The topic of web accessibility related to the US Rehabilitation Act’s Sections 504 and 508 has been in the spotlight lately due to the law suit brought by the National Association for the Deaf (NAD) against Harvard University and MIT. 3PlayMedia offers a comprehensive summary of current web accessibility lawsuits.
Our campus teaching center recently invited a brave group of student tutors to share their views on effective teaching with our faculty. The four tutors reported what they had heard from students about course designs and teaching practices that seemed to help, and ones that seemed to interfere with learning. Three recurrent themes in the tutors’ remarks caught my attention.
The good news, according to a research report out on Tuesday is that the college-going gap between students from rich and poor families has narrowed somewhat since 1970. The truly devastating news? The gap in bachelor’s completion by family income has roughly doubled in those years. What’s going on? And what can be done to remedy the problem?
Community colleges serve a wide cross-section of students who enter institutions of higher education. Nearly half (46%) of all undergraduates at institutions of higher education attend community colleges. Thus it is imperative that community college faculty are prepared to teach 21st century college students using technology. Community colleges face the challenge of planning and implementing mentoring activities because about 68% of the faculty members are adjuncts who ‘teach on-the-side.’ Creating a mentorship system and learning environment that is non-threatening and focuses on psychosocial benefits is crucial in creating optimum learning environments. Technology mentoring programs must be appealing, delivered smoothly, and sustainable to appeal to adjunct faculty. Mentoring, as method of professional development was found to be a viable option to improving the access, adoption and practice of integrating technology into teaching and learning in the community college classroom. Why are more colleges not providing professional development opportunities for adjuncts?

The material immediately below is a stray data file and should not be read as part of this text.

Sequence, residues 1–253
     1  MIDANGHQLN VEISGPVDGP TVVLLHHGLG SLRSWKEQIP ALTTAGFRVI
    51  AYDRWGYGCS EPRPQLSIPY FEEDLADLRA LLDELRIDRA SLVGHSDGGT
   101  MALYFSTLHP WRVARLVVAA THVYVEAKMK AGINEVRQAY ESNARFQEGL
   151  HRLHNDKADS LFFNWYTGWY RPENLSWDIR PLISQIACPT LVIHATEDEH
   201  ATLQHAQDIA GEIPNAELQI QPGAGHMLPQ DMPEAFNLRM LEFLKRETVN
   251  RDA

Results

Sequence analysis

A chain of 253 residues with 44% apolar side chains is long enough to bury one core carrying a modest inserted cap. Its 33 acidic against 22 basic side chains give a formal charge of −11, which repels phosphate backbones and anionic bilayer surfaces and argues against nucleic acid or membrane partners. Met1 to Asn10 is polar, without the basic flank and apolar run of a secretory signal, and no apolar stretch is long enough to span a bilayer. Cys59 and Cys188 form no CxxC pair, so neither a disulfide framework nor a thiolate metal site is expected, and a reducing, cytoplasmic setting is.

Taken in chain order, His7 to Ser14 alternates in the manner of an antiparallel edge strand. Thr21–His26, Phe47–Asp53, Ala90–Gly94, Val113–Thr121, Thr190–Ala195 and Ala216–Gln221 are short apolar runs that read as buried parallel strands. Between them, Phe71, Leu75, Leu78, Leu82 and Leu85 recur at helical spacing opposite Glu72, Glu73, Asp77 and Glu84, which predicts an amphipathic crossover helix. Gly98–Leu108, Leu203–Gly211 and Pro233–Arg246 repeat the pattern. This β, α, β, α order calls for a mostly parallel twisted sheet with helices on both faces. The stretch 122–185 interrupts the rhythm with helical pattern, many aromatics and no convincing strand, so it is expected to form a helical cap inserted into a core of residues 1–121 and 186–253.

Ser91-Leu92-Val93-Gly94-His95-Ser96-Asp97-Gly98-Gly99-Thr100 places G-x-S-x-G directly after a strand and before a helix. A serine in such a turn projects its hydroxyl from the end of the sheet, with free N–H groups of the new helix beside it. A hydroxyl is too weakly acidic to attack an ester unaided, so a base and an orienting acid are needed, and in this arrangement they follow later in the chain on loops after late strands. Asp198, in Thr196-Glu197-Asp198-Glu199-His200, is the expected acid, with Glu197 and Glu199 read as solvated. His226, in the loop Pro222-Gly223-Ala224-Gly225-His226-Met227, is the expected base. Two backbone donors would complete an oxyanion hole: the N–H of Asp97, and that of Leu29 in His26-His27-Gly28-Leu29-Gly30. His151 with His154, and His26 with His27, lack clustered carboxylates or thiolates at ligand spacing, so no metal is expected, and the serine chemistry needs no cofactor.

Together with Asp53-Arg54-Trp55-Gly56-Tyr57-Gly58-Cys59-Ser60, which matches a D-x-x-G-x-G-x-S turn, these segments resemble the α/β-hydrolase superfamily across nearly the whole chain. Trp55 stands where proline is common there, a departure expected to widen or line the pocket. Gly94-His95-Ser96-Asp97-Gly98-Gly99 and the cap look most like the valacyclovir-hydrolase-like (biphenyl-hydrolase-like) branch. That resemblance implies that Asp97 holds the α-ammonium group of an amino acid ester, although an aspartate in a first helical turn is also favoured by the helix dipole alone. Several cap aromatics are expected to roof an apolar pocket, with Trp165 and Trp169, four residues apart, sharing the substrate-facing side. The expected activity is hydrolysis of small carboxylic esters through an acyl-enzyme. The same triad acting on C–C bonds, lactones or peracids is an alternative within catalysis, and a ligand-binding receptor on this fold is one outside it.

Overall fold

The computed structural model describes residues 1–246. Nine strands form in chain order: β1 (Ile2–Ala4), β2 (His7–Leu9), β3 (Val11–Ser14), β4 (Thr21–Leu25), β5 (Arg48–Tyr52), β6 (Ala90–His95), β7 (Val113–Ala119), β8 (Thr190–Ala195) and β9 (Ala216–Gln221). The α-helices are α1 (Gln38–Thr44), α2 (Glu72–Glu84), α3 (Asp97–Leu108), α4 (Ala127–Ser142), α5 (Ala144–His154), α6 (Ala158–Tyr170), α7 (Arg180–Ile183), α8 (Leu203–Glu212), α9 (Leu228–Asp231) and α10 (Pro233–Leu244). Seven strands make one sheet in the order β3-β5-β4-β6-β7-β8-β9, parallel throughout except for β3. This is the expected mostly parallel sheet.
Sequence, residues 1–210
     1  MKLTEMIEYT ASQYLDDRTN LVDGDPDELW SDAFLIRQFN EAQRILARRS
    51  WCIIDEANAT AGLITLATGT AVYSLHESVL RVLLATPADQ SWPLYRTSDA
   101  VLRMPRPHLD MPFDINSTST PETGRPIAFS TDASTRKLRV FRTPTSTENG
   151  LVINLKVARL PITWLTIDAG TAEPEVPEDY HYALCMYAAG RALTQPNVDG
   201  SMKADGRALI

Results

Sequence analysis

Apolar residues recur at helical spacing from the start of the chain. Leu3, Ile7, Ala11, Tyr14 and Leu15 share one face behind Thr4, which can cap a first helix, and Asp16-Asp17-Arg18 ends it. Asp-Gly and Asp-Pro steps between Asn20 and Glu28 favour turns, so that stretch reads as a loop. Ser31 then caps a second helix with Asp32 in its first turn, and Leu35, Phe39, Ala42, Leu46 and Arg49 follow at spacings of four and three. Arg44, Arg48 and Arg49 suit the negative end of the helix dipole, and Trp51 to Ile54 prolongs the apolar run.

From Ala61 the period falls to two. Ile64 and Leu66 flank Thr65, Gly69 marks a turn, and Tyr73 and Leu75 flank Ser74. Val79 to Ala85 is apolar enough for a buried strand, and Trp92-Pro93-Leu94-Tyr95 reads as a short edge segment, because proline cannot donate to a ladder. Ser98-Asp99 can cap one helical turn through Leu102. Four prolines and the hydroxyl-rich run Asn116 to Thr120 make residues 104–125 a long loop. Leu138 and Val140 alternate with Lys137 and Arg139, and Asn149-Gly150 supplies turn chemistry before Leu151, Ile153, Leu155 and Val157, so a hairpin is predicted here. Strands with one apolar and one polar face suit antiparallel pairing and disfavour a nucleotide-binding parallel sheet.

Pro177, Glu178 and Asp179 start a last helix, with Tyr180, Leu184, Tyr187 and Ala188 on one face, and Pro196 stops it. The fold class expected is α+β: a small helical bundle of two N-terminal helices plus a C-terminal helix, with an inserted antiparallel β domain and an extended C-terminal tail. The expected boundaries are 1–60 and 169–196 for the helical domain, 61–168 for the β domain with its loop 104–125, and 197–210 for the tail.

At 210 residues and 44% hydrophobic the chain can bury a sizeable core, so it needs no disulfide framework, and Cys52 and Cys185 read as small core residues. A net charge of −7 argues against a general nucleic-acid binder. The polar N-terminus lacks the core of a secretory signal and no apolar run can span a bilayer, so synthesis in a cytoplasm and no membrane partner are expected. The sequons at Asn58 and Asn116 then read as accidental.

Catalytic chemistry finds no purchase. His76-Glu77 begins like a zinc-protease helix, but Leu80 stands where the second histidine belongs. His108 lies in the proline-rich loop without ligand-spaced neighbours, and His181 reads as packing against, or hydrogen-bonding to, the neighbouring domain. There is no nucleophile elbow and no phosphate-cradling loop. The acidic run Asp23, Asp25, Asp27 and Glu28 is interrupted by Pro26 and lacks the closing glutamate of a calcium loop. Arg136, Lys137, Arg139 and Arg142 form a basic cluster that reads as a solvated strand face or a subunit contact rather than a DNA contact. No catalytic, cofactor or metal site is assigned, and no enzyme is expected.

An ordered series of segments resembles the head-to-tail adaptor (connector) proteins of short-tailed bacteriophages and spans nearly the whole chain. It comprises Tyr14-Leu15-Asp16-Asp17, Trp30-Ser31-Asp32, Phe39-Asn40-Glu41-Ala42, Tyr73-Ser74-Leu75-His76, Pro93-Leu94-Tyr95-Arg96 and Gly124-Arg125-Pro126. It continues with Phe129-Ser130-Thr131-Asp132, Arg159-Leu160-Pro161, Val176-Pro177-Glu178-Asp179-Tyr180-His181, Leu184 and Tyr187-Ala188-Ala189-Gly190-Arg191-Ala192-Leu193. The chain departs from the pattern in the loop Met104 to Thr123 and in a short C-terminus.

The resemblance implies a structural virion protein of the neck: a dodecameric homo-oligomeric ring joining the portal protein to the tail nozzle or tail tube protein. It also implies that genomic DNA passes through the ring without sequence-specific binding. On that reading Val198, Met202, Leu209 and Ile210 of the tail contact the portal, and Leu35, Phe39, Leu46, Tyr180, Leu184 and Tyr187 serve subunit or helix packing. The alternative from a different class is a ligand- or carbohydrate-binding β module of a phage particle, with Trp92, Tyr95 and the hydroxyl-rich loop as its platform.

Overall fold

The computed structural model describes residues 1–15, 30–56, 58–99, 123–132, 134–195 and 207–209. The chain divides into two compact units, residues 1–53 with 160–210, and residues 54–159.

Should iBooks and eBooks replace the traditional heavy textbooks? What are the benefits of replacing textbooks with iBooks or eBooks? Are students willing to use technology to obtain written knowledge on a particular subject? My answer to the aforementioned questions is yes. I think students would be more than willing to replace traditional textbooks with iBooks or eBooks. Some of the benefits include:
· iBooks and eBooks cost less
· iBooks and eBooks weigh less than textbooks
· iBooks and eBooks can be interactive
The link below provides information on students’ willingness to go digital. I think students will be eager to give up textbooks and replace them with technology’s equivalent.